recognition


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flash with anger

 and flash with recognition; flash with eagerness
[for someone's eyes] to "glimmer" or seem to communicate a particular quality or excitement. Her green eyes flashed with anger. Ellen's eyes flashed with recognition when she saw me.
See also: anger, flash

change, alter, etc. beyond/out of (all) recogˈnition

change, etc. such a lot that people do not recognize you, it, etc: I went back to Birmingham after 20 years and it had changed beyond all recognition.She had changed beyond all recognition since I last saw her.
See also: beyond, of, out, recognition
References in classic literature ?
Tarzan looked out across the familiar vista with no faintest gleam of recognition in his eyes.
But he was always seriously glad to be with Villa and Harley and to receive recognition from them next after Jerry.
Crayford tried once more to attract his attention--to win his recognition while there was yet time.
A faint light of recognition glimmered in his eyes.
The reader will perhaps imagine the sensations which now arose in Jones to have been so sweet and delicious, that they would rather tend to produce a chearful serenity in the mind, than any of those dangerous effects which we have mentioned; but in fact, sensations of this kind, however delicious, are, at their first recognition, of a very tumultuous nature, and have very little of the opiate in them.
Yonder where the storms rush down into the sea, and the snout of the mountain drinketh water, shall each on a time have his day and night watches, for HIS testing and recognition.
And for his sake and for those like him, must I perfect MYSELF: therefore do I now avoid my happiness, and present myself to every misfortune--for MY final testing and recognition.
Before considering true memory, it will be well to consider two things which are on the way towards memory, namely the feeling of familiarity and recognition.
Recognition in this sense does not necessarily involve more than a habit of association: the kind of object we are seeing at the moment is associated with the word "cat," or with an auditory image of purring, or whatever other characteristic we may happen to recognize in.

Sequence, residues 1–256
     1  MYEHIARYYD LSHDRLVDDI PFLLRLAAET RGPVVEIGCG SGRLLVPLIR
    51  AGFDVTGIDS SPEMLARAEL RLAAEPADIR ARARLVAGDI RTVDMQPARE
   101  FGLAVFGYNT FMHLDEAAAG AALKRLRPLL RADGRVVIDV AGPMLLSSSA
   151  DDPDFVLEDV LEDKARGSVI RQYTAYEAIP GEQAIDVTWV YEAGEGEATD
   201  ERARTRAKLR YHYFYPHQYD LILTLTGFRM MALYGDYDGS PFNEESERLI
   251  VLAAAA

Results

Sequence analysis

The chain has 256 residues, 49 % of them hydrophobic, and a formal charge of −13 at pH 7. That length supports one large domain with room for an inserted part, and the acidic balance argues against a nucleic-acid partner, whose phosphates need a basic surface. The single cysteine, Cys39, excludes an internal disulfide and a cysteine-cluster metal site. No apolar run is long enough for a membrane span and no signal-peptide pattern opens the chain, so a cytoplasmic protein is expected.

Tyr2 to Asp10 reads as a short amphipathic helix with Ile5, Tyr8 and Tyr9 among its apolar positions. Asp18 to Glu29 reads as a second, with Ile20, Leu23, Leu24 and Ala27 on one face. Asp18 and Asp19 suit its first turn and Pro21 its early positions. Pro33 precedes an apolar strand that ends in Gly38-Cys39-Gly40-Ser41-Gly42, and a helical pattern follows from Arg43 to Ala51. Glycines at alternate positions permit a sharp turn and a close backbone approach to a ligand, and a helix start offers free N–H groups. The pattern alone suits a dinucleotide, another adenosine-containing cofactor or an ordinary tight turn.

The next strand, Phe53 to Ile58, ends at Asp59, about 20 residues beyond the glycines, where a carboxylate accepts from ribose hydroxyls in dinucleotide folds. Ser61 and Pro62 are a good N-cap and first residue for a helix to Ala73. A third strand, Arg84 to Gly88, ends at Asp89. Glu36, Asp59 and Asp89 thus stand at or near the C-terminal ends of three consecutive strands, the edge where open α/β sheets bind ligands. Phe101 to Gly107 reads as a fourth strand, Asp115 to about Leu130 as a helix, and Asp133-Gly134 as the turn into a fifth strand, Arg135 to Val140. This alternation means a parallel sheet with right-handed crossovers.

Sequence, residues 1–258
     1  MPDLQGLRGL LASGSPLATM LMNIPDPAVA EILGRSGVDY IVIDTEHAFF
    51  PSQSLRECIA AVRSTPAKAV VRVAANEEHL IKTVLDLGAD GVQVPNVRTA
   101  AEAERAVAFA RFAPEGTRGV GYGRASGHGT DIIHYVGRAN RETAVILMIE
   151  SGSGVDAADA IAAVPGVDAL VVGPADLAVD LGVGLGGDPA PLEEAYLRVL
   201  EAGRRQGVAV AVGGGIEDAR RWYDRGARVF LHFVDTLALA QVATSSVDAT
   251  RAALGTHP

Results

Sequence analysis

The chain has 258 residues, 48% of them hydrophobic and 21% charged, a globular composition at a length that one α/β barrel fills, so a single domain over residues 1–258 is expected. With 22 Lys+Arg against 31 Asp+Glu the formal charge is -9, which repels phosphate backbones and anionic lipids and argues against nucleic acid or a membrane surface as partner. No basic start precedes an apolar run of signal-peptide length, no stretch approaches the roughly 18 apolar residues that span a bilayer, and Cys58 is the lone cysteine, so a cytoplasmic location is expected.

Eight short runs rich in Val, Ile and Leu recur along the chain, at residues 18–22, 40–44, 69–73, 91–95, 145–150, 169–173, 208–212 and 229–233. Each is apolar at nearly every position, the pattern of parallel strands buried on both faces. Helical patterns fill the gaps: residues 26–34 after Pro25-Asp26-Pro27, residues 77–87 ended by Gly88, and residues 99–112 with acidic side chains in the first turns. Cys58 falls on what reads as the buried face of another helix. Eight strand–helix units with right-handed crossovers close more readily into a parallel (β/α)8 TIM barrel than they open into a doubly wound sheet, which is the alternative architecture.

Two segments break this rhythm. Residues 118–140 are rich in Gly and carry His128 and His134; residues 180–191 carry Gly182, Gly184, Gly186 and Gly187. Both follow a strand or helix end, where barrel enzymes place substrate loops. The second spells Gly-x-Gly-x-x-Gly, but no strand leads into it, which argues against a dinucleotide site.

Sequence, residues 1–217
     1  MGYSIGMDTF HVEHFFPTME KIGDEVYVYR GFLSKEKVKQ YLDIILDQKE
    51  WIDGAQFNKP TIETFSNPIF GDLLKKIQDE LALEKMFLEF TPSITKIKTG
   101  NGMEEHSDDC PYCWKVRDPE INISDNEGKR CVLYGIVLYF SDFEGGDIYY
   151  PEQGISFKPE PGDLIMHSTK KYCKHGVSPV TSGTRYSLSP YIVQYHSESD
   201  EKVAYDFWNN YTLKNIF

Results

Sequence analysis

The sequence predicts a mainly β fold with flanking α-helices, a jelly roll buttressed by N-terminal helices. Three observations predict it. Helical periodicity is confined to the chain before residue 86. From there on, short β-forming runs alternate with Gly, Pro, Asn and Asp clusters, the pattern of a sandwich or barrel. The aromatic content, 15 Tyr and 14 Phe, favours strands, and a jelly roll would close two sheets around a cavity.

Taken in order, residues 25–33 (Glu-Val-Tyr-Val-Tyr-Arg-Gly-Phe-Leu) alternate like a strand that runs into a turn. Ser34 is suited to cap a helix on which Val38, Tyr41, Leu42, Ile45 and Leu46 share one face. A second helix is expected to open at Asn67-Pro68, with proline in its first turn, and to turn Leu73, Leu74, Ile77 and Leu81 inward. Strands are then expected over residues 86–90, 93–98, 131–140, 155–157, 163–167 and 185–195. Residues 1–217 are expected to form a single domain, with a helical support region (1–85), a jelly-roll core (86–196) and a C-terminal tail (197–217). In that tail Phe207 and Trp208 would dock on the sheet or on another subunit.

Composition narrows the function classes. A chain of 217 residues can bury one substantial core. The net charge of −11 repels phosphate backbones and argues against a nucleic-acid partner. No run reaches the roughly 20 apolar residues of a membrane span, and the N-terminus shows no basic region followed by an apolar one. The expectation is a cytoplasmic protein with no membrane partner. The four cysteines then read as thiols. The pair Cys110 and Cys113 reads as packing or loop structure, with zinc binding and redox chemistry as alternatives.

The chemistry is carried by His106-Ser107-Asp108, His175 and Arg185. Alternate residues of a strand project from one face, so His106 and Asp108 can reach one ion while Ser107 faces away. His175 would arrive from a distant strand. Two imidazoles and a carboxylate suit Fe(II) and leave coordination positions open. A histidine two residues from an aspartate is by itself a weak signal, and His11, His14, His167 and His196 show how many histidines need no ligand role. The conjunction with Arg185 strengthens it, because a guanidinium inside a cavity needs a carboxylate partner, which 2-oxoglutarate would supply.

There is, however, another sense of the word, in which we mean by recognition, not knowing the name of a thing or some other property of it, but knowing that we have seen it before In this sense recognition does involve knowledge about the Fast.
There are, however, several points in which such an account of recognition is inadequate.
Thus, if I recognize a thing, the occasion of its previous existence in virtue of which I recognize it forms part of "my experience" by DEFINITION: recognition will be one of the marks by which my experience is singled out from the rest of the world.
It is sometimes suggested, by those who favour behaviourist views, that recognition consists in behaving in the same way when a stimulus is repeated as we behaved on the first occasion when it occurred.
He had lived (without being aware of it) on those spiritual truths that he had sucked in with his mother's milk, but he had thought, not merely without recognition of these truths, but studiously ignoring them.
Little did I think then--little did I think afterwards when our pleasant holiday had drawn to an end--that the opportunity of serving me for which my grateful companion so ardently longed was soon to come; that he was eagerly to seize it on the instant; and that by so doing he was to turn the whole current of my existence into a new channel, and to alter me to myself almost past recognition.
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